That Obscure Object of Desire, Blu-ray (1977/2013)

by | Feb 2, 2013 | DVD & Blu-ray Video Reviews

That Obscure Object of Desire, Blu-ray (1977/2013)

Director: Luis Bunuel
Cast: Fernando Rey, Carole Bouquet, Angela Molina, Julien Bertheau
Studio: StudioCanal/ Lionsgate [1/13/2013]
Video: 1.66:1 for 16:9 1080p HD color
Audio: French or English DTS-HD MA 2.0
Subtitles: English, English SDH, French, French SDH
Extras: “Arbitrary Desire” – interview with Jean-Claude Carriere, Interview with Carlos Saura, “Double Dames” – interview with the two female leads, “A Portrait of Luis Bunuel” – Interview with Pierre Lary and Edmond Richard, Previews
Length: 103 minutes
Rating: ****½

This classic from the Spanish surrealist received two Oscar nominations, including for Best Foreign Language Film. It is not among his most surrealist efforts, but deals with the struggles of an urbane widower businessman who is completely tortured by his lust for a girl who begins as a servant in his house. The most surrealistic thing about it is that Bunuel’s crew shot tests for the female role with two different actresses, and Bunuel like them both so much that he used both of them—switching back and forth on the screen without much explanation—evidently pointing up the changing moods of the girl.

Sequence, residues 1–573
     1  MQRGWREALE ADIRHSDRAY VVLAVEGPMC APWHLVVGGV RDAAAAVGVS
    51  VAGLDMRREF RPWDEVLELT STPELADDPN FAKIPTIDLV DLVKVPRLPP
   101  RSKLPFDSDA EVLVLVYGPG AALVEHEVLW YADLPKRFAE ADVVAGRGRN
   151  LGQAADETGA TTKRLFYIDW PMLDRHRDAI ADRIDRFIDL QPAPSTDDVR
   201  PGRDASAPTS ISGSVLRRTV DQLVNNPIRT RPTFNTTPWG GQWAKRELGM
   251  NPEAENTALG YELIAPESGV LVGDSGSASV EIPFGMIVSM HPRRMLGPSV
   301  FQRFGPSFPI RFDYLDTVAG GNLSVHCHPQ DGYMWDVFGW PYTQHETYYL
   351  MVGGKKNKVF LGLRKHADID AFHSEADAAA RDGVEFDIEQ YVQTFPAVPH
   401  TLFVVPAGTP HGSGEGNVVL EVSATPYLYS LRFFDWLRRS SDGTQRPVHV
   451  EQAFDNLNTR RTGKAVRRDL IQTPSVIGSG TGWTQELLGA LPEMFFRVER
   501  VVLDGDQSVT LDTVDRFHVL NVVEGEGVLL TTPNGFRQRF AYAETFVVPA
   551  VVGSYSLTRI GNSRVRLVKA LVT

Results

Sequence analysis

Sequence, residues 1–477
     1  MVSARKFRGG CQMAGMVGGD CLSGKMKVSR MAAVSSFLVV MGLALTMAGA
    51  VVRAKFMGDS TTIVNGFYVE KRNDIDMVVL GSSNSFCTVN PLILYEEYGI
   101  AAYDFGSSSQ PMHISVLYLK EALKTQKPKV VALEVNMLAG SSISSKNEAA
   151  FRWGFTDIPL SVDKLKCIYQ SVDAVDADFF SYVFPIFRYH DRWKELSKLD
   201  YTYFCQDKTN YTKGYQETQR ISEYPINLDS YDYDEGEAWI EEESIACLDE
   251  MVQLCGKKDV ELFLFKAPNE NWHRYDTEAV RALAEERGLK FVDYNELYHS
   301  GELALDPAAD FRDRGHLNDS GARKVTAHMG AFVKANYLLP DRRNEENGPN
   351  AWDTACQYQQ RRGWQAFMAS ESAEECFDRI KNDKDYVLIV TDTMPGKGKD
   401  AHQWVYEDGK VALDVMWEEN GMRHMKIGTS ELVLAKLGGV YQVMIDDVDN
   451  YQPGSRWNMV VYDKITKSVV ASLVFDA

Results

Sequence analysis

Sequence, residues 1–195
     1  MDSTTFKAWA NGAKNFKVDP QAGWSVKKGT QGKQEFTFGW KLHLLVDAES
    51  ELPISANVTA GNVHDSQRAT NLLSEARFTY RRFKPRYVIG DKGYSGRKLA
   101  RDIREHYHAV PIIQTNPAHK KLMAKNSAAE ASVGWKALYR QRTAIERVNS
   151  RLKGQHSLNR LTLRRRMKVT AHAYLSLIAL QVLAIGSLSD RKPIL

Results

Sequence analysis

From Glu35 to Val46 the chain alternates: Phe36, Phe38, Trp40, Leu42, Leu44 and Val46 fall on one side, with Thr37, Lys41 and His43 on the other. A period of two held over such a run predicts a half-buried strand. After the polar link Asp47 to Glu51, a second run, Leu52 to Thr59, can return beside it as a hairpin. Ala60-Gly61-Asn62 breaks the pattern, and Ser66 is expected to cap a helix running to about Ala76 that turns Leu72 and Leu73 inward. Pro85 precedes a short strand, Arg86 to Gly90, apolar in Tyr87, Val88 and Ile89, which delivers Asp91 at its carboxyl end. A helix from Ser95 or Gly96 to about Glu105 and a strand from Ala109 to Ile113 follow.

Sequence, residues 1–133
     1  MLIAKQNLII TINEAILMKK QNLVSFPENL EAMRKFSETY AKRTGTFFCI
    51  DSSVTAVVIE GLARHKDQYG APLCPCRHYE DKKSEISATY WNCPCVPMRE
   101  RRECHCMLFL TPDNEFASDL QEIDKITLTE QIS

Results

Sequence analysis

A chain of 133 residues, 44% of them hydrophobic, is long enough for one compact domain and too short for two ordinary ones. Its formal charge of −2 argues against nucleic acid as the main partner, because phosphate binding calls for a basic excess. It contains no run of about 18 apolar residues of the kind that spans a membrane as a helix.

The two Conchitas make it totally impossible for the businessman to sexually possess her—although she even agrees to be his mistress at one point, and the girl’s mother seems to go along with the plan. The man’s approach is pretty ham-handed, so it’s difficult to empathize completely with him. During a train trip, the businessman explains his story at length and in detail to everyone in his cabin. There is also the element of continual terrorist bombings and crimes going on in Paris. Not Bunel’s best film, but interesting nevertheless. I noticed there was an English dubbed soundtrack and used that instead of subtitles. I think I’ll return to subtitles on the next film. Don’t think I’ve ever seen a DVD or Blu-ray that said on the box it was black & white and it turned out to be in color. I found the extras less interesting that most with Criterion productions.

—John Sunier

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